There are churches that I love spread across the many places I have lived and/or traveled to. When I was in college I used to drive to Indiana to visit the Saint Meinrad Archabbey: the archabbey of the Swiss-American Congregation of the Benedictine Order. The church there is incredible but what I really loved is the Monte Cassino Shrine, a small church near there. I remember that church as the first place I ever wanted to get married. It’s a very old church and when I was there the interior colors were done in deep blue (always one of my favorites) and white. There is something very calming for me about those colors, something clean. Or maybe pure would be a better word. Yes, that church possesses a sense of purity to it that I loved instantly.
Another favorite is in Sedona, Arizona of all places. I do not love Sedona. Everything there is “Red Rock This” or “Vortex That” Sedona has always been a case study to my mind – a perfect example of what happens to an incredible natural wonder if it is not protected. It never fails to make me sad to see it. But there is one corner of that place that I like. There is small church (not the church of the Red Rocks – beautiful as that one is) the church I am thinking of is the chapel inside the shopping area called Tlaquepaque. I photographed a wedding there once. It’s another small church, even smaller than Monte Cassino but in the cacophony and chaos of Sedona this little chapel stands apart as a place of peace.
I love the crypt at the Basilica of St. Francesco (aka Saint Francis) in Assisi. I love the Way of the Cross at Lourdes. There was this one church, in Florence, I shall never forget because instead of silence they filled the church with soft recordings of Gregorian Chant. The sound of those musical prayers added a depth to the holiness of that particular place.
These are all places that I love. They are places that have remained in my heart and when I return to them, in photos or in my own memories, I am still touched by the peace of these places. But of all the churches I love I have found a new favorite here in Montana. Glacier. It’s my favorite cathedral.
Every time I enter the park I feel that I have come into the church that God Almighty carved out of the mountains for Himself.
I missed church this morning. Not because I overslept but rather the opposite. I am not sleeping well these days, my asthma has been troubling me. I woke up sans alarm at 4:31 and in a moment of sleep deprived insanity decided that it was early enough that I could take a shower and still make it up to Glacier for sunrise.
Sunrise is set for 7:11 a.m. (Mountain Time). That’s actual sunrise, when the sun breaks the horizon. Photographer sunrise is anywhere from one to two hours prior to that. It’s when the sky first starts to lighten. When you take your tripod and make long exposures with light that only just barely there. I forgot to calculate for that so in spite of the fact that I left the house at 5:30 in the morning, I still didn’t make it to Wild Goose Island as early as I had wanted to be there.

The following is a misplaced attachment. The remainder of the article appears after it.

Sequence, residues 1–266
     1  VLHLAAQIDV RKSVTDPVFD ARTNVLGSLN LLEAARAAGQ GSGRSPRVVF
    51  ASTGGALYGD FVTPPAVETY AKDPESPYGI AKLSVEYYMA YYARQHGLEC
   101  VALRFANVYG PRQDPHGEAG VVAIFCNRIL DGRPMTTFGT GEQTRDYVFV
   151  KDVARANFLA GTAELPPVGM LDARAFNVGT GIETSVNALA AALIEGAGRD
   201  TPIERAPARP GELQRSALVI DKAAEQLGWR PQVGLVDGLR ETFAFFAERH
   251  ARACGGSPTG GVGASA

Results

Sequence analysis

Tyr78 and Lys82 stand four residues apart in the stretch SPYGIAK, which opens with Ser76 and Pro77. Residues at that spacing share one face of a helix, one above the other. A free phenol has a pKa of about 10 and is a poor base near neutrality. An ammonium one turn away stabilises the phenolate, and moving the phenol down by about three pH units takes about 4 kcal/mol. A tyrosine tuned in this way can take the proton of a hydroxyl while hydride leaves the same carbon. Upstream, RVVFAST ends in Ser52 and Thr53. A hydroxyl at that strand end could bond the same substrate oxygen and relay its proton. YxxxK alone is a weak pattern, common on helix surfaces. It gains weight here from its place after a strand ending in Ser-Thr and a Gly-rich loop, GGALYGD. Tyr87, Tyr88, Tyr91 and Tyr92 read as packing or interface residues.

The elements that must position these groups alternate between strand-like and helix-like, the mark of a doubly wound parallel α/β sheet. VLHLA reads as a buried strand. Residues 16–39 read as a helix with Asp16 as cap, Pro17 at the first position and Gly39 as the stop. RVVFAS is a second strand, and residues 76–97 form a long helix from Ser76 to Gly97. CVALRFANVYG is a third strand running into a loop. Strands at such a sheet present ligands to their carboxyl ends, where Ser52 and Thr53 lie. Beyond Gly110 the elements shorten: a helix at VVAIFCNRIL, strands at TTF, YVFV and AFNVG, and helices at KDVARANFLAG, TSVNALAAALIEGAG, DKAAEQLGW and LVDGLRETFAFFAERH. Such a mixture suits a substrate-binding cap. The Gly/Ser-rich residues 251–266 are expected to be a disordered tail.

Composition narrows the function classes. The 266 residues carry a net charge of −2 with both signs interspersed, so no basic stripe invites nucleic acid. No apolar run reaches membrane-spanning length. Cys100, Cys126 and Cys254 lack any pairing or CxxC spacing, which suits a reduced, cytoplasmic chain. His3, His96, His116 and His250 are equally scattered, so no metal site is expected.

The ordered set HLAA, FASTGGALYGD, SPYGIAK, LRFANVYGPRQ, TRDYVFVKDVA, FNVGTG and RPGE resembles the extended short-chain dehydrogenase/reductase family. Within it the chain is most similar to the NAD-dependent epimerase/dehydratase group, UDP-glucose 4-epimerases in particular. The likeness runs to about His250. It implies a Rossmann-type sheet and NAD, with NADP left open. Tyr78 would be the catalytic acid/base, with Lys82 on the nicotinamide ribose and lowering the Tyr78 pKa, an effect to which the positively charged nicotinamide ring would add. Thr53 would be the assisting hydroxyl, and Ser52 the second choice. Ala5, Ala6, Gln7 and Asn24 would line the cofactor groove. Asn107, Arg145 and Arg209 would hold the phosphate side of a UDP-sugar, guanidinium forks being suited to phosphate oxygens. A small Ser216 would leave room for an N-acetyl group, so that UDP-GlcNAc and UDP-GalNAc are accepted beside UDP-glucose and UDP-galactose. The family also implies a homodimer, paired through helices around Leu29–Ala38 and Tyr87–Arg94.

But, even though I did not get the sunrise shot I had been hoping for I still had an amazing morning. How can you not have a good day when the sun is shining and you are surrounded by some of the most beautiful mountains on earth? And I did have some very nice light early on, even if I wasn’t quite where I wanted to be.
My first glimpse of sunrise was a mountain peak glowing almost red in the morning light. It was far from my location so it felt almost hidden behind the closer mountain slopes, but when I came around the curve and got a real look at it I knew that I was in for some amazing light that morning.
I made my way up Going-To-The-Sun Road. Up and over Logan Pass. Down past the rocks and water falls to Wild Goose Island. The nice thing about being in the park early, early in the morning is that you can stop in the middle of the road, get out of your truck and take a picture. Normally this is impossible. There is too much traffic, too many fellow visitors and too many horns to honk at you if you dare to impede their progress. On my way up to Logan I had some amazing views of the highest peaks with their light dusting of new snow.
Yes, snow. In September. Welcome to Montana. This morning’s cold temperatures and snow capped peaks were a much needed reminder to me that the time is short now. Soon that road will close again for the year. It will get snowed in and won’t open until next June. Late next June, possibly next July. I want to make sure that I am up there these days, making the most of this last chance before it slips away completely.
After driving to Wild Goose I decided that today was the day I would make my first trip up to Many Glacier. I had never been that far into the park. I have heard it said that you can’t visit Glacier and not go see Many Glacier. I understand that argument better now. Many Glacier is another I shall have to try to get back to ¬†at least once more this year.
With all my driving it quickly became obvious there was no way I would make it back to Kalispell in time for church. As it turns out I didn’t make it home until the afternoon. It feels as if it has been a very long day, and since I started at O Dark 30, that’s really not surprising. But it was a good day. A day without regrets. A day for photos and gratitude and appreciation. Days like this I am most sincerely thankful for my life and all that I have been given. Most especially those moments when I can feel the presence of God in the world He created. I didn’t make to church, but it was still a day of worship.